In a similar way, the Mongols are not all that interesting as a civilization, but their impact on the world is interesting. Like the Norse, they also did some outlandish things, that still characterize them to this day. Everyone has heard of Genghis Khan so it is a good idea to know something about him and the Mongols. I know of no book that is as good as the Dan Carlin podcast on the Mongols. For $10 you get more than twenty hours of great entertainment and a great lesson in history.
It is impossible to know anything about the history of the West without knowing the history of the Catholic Church. In Part II of this series I suggested Paul Johnson’s History of Christianity, but for a history of the Catholic Church that is specific to this period, How the Catholic Church Built Western Civilization is a great read. If you are more ambitious, you can take on the three volume The Founding of Christendom: A History of Christendom, but it is a bit of a slog, unless you are a faithful Christian with a strong interest in the subject.
Of course, you cannot study the history of the Church without learning about The Crusades. A pretty good podcast is on iTunes conveniently called The History of the Crusades. Strangely, there are not a lot of good books on the subject. Most are multicultural nonsense polemics against the Church. The best book I’ve read on the subject is The Crusades: The Authoritative History of the War for the Holy Land. It is a big book that covers a lot, but it is free of the nonsense and it is written to be read.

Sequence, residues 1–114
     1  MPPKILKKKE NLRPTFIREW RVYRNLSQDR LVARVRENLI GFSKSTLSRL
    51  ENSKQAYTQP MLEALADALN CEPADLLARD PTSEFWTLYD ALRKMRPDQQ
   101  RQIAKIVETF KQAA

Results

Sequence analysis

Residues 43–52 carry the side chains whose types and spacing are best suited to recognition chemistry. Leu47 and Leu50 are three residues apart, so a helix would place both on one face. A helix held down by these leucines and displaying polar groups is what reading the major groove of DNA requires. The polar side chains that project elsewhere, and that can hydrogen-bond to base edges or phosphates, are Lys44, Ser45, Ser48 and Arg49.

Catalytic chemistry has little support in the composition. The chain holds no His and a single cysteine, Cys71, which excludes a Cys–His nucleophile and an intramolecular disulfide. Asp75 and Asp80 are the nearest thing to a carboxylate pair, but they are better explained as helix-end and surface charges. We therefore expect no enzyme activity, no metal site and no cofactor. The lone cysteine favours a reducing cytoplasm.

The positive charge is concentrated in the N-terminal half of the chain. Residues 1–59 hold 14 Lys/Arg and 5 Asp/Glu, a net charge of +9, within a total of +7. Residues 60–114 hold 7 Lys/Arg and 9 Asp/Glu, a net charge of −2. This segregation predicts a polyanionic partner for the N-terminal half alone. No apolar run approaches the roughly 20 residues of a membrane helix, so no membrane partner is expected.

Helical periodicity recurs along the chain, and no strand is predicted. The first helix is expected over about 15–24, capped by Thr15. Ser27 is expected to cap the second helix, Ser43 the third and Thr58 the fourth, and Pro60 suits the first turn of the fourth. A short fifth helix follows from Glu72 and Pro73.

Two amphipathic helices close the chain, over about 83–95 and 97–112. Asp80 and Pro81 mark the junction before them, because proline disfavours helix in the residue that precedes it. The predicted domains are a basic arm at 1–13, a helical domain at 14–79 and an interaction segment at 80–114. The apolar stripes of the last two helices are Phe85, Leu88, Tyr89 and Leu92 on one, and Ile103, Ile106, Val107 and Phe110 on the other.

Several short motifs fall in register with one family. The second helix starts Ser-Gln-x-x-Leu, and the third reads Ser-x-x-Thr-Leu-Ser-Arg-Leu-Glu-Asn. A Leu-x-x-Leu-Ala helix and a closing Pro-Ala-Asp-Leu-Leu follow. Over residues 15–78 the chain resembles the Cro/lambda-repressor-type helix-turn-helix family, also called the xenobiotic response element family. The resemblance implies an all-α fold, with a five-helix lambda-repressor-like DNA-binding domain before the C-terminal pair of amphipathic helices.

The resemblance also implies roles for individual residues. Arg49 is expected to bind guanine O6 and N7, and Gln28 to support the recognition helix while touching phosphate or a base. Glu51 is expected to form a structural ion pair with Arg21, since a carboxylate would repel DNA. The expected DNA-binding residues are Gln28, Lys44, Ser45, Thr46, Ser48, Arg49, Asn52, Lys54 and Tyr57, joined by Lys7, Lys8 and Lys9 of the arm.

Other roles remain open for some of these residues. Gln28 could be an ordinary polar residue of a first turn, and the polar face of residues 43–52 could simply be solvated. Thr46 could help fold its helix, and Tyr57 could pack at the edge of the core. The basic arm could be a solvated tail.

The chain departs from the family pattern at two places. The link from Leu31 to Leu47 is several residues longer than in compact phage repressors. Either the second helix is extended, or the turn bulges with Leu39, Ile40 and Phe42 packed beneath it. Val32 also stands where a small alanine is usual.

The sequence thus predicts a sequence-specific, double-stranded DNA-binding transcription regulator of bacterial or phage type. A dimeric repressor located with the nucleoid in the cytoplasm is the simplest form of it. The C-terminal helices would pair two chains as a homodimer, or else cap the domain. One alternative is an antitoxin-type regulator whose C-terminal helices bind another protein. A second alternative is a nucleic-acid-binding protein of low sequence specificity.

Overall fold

One of the most important events in the medieval period is the Hundred Years War, because it is the first flicker of nationalism in the West. The idea of a nation that transcends tribal identity was born in the war between the English and the French from 1337 to 1453. The start of the war featured multi-ethnic armies, led by kings, facing one another in what is now France. At the end, it was Frenchman versus English, two nations at war. The best book on the subject is The Hundred Years War by Desmod Seward.
Similarly, the Thirty Years War is one of those great events that still casts a shadow today. It was one of the deadliest conflicts in European history and arguably began the process of de-Christianization in Europe. It also gave us the Peace of Westphalia, which established concepts like national sovereignty, balance of power diplomacy and the prohibition against intervening in the domestic affairs of other states. The definitive book on the subject is C. V. Wedgewood’s The Thirty Years War.
Finishing up, it is a good time to mention the History of Germany podcast. It is the only podcast I know of that covers the early history of German tribes. Like the British History Podcast, it covers much more than this period, but it is one of the few that bothers with early Germanic history. If you really prefer to get your history via audio, this series is supposed to be one of the best. The Great Courses series is mostly for adults, who want to learn something about the topic, so they are excellent introductory resources.